Three days to travel a distance of nearly 250,000 miles into the galactic wilderness, knowing that there was no way out if things went wrong.

Three days of longing and imagining and dreaming of being the first to touch the surface of a new world.

They landed, and Houston told them to rest and recover from the journey down. Melvyn swore, practically vibrating with impatience, and Neil and Buzz weren’t much better. They locked down the communications, gingerly strapped themselves to eggshell-thin gold foil walls, and pretended to sleep.

At 14h00, Melvyn couldn’t pretend anymore. He got up, and checked his gear, and Neil and Buzz quickly followed suit, and by 14h55, the door was open and they were unfolding the ladder. 

Melvyn went first. He touched the ground, and his feet sank into soft brown dust, and he felt almost normal for the first time in days. There was an up and a down again, and the sky above was black, and the ground below was soft and full of dust and rocks, and he was alone. He took a step, misjudged it, and almost fell; the gravity was so low, he felt like he could fly.

Neil came down the ladder next, carefully putting one foot after the other. At the bottom, he turned, and the wonder on Neil’s face was framed in the visor of his helmet.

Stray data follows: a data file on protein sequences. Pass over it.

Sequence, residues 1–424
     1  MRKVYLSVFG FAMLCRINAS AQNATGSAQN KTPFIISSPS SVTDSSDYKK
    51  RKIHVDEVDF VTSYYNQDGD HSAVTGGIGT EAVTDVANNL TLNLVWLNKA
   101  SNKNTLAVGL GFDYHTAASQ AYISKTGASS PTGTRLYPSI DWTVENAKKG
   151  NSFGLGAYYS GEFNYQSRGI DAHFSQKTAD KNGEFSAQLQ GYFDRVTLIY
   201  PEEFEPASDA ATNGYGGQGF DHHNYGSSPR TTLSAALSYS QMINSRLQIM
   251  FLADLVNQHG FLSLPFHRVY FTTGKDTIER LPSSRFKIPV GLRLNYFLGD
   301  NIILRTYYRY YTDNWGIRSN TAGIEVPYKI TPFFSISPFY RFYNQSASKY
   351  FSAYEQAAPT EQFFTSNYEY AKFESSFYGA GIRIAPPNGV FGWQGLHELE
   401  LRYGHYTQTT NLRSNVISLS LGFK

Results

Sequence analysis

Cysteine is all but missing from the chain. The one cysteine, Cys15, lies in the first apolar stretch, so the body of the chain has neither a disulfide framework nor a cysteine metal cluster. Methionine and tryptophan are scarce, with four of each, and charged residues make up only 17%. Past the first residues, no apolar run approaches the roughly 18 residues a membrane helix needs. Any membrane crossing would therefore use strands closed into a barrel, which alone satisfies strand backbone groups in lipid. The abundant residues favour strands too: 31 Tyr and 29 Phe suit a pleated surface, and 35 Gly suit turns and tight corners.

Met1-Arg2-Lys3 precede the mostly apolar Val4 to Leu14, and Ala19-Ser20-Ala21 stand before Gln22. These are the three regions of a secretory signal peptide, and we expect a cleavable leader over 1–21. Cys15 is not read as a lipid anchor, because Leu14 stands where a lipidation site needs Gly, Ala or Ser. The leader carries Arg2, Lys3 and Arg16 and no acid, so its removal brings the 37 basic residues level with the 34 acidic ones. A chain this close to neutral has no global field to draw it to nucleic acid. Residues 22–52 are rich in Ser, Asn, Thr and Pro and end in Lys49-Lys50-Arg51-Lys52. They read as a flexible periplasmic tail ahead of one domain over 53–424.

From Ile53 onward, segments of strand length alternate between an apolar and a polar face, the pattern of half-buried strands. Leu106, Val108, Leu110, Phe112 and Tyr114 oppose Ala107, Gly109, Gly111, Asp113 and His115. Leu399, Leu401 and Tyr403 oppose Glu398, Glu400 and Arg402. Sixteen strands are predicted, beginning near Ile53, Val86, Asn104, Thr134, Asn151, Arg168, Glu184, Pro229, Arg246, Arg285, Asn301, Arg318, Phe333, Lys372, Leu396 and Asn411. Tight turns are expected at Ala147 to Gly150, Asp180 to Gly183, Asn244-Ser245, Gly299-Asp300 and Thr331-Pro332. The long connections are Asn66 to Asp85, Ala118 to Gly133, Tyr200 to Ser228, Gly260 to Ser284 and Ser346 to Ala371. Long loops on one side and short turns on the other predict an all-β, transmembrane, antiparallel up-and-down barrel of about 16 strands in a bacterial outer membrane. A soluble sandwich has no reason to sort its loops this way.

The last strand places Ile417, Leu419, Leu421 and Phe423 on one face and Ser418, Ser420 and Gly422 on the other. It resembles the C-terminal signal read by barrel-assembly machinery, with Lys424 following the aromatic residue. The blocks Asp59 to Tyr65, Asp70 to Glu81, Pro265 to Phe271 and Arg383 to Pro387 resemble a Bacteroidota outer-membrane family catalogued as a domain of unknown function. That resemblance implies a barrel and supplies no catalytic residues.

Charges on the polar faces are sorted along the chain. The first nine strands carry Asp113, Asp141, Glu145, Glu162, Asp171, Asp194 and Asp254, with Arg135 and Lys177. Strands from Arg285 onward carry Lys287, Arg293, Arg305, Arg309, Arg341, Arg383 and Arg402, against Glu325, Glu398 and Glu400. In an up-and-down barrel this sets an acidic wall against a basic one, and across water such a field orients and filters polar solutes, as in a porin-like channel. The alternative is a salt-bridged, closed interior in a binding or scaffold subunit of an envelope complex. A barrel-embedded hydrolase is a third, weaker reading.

Melvyn smiled. It was beautiful here. He turned away from Neil, and looked at the horizon whose amplified curve reinforced the alien nature of this new world they’d discovered.

Neil took a step. “That’s one small step for a man,” he said, as his foot came down, and he took another, larger, step, “And one giant leap for mankind.” 

Then Neil landed on Melvyn, and antkind’s visit to the moon was over almost before it had begun.

Moral of the story: “Dead ant, dead ant, dead ant dead ant dead ant dead ant…”  

June 3, 2007

Because even spiders like to fly

Filed under: ficlet — iamza @ 3:50 pm

“Why do I do this?” mimicked Peter as he pulled on his webbing, testing its strength. He shook his head in disgust. “How are you even supposed to answer a question like that?” The web-line was solid, and he grabbed at it with both hands, then launched himself into the night sky. Overhead, the blanket of clouds had been set alight by the yellow-orange of the sodium streetlights below.